Yeah. Well, and safety does come first, and HR has to make the point that the business is extremely important, but if the people don’t show up physically and psychologically prepared to do their job, then you’re not going to be successful. So I think they have to think about people first, and think about what is going to be the best environment for our people to be able to do their best work. And again, it’s always a balance.
It’s always a balance between the business needs and the people needs. But what I recommend that people do, number one, remain flexible.
This is not the time to just say, “We’re going to do it, we said we were going to do it.” And not show that degree of, “Okay, we thought we were going to do it, but now we’re going to push it out.” Communicate effectively with staff, because here’s what we are finding, that living in this world of uncertainty for such a long period of time has really created fatigue-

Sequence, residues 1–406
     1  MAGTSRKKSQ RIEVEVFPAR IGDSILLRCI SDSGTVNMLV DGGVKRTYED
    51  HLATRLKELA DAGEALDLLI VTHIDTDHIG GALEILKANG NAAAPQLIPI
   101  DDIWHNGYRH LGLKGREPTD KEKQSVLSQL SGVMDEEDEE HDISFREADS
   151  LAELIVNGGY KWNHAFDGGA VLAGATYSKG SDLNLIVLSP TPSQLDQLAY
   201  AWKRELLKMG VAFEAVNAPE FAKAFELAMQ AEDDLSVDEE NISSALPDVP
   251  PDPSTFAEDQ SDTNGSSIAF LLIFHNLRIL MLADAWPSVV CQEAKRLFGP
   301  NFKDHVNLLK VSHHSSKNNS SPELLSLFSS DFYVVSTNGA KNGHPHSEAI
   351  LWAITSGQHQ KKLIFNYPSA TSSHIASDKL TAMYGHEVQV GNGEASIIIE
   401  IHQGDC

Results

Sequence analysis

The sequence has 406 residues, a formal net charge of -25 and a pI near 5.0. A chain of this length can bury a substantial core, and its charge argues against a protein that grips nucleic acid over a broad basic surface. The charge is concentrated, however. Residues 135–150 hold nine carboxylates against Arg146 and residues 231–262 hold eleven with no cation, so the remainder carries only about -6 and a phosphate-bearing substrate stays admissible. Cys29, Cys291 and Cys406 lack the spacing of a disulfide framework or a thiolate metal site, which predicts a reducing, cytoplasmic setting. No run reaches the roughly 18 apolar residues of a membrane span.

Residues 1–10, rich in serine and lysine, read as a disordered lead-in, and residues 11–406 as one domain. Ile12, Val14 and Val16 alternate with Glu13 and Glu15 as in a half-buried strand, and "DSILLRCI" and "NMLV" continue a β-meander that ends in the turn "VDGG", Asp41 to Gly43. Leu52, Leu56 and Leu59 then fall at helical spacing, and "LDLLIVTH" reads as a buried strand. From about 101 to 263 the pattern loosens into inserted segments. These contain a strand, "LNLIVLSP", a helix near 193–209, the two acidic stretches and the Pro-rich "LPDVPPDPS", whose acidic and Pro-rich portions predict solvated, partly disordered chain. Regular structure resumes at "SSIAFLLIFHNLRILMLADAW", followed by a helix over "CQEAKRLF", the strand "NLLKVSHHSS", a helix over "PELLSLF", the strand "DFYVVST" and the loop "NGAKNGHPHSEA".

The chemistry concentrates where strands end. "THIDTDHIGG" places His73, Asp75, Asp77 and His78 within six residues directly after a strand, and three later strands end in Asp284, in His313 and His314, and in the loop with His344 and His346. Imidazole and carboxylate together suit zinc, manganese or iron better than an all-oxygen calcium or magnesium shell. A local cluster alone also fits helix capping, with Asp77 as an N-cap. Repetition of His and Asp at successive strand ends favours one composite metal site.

For some people. In fact, somebody in the New York Times quoted this term, languishing. People have lived in uncertainty for so long that they’re feeling like they’re languishing. They’re looking at their computers and not being able to accomplish their work. So the way that an employer can address that is, create certainty around uncertainty. So if that’s, “We do know we’re still planning to do a return to work in a hybrid format, however, due to the recent data, we are going to move that return date back to X. And we’ll make sure that we update you so that you have plenty of time to make arrangements before you return to work.” That gives a degree of certainty, even though we don’t know exactly when that return date’s going to be. And I think that that’s really, really important to people.